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Mono Lake Volcanic Field

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The Mono Lake volcanic field, east of Yosemite National Park and north of the Mono Craters, consists of vents within Mono Lake and on its north shore. The most recent eruptive activity in the Long Valley to Mono Lake region took place about 300 years ago, when lake-bottom sediments forming much of Paoha Island were uplifted by intrusion of a rhyolitic cryptodome.

Quick Facts

Location: California, Mono County
Latitude: 38° N
Longitude: 119.03° W
Elevation: 2,121 (m) 6,959 (f)
Volcano type: volcanic field
Composition: basalt to rhyolite
Most recent eruption: 300 years ago
Nearby towns: Lee Vining
Threat Potential: Moderate

Summary

The most topographically prominent feature of Mono Lake volcanic field is Black Point, which rises above the northwest shore. It was formed as a sublacustral (below lake level) basaltic cone about 13,300 years ago when the water level at Mono Lake was higher. Lava domes and flows from Negit and parts of Paoha islands within Mono Lake. The most recent eruptive activity in the Long Valley to Mono Lake region took place about 300 years ago when lake-bottom sediments forming much of Paoha Island were uplifted by the intrusion of a rhyolitic crypto dome. Spectacular tufa towers line the shores of Mono Lake.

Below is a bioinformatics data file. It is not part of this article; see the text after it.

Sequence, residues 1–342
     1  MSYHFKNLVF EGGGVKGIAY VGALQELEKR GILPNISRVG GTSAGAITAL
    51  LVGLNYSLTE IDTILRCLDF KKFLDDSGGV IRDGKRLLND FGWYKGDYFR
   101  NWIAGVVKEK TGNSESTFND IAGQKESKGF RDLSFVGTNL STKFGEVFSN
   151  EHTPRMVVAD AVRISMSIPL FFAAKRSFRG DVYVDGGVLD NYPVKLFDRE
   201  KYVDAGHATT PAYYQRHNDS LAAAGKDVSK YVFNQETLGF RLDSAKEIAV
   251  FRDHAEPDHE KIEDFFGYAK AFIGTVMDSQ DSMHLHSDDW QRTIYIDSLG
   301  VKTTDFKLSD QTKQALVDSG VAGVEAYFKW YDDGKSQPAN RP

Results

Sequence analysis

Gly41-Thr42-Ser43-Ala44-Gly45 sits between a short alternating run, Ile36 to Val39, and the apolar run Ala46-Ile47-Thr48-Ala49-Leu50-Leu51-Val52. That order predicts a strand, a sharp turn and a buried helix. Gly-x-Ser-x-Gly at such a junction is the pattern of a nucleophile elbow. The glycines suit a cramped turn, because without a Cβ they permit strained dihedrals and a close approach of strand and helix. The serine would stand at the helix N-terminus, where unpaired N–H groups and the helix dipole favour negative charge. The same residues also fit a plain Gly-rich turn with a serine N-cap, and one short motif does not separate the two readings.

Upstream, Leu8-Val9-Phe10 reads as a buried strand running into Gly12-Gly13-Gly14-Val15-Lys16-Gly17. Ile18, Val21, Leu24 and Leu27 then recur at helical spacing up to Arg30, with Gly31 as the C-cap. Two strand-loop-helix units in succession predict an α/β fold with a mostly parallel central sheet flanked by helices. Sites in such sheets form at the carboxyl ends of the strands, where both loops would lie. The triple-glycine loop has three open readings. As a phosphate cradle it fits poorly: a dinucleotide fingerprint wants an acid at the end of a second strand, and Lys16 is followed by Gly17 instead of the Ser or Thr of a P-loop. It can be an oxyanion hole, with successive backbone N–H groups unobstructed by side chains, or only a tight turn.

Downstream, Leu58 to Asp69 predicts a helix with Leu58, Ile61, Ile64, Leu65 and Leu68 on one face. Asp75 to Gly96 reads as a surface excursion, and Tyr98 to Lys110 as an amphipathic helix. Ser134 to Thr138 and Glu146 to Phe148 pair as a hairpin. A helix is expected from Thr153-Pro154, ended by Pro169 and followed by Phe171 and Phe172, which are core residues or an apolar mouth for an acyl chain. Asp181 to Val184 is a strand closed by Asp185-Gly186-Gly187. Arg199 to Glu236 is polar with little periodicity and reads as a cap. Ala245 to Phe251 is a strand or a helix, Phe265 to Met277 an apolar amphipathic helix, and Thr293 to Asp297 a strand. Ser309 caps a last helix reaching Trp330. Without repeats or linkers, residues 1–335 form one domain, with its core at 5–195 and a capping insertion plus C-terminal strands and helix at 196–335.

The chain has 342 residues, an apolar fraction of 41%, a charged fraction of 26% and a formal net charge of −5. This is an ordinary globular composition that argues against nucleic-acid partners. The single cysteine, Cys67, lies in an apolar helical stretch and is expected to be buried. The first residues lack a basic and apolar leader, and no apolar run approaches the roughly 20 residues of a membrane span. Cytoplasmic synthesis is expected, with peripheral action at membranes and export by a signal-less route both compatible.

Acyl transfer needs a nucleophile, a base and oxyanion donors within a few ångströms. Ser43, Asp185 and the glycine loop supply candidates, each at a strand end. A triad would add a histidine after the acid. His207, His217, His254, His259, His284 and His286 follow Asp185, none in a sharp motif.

News

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New survey plumbs Mono Lake's depths for hydrothermal heat

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Unpacking CalVO's new seismic monitoring boxes

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3D Images of Magma Below Mono Craters Area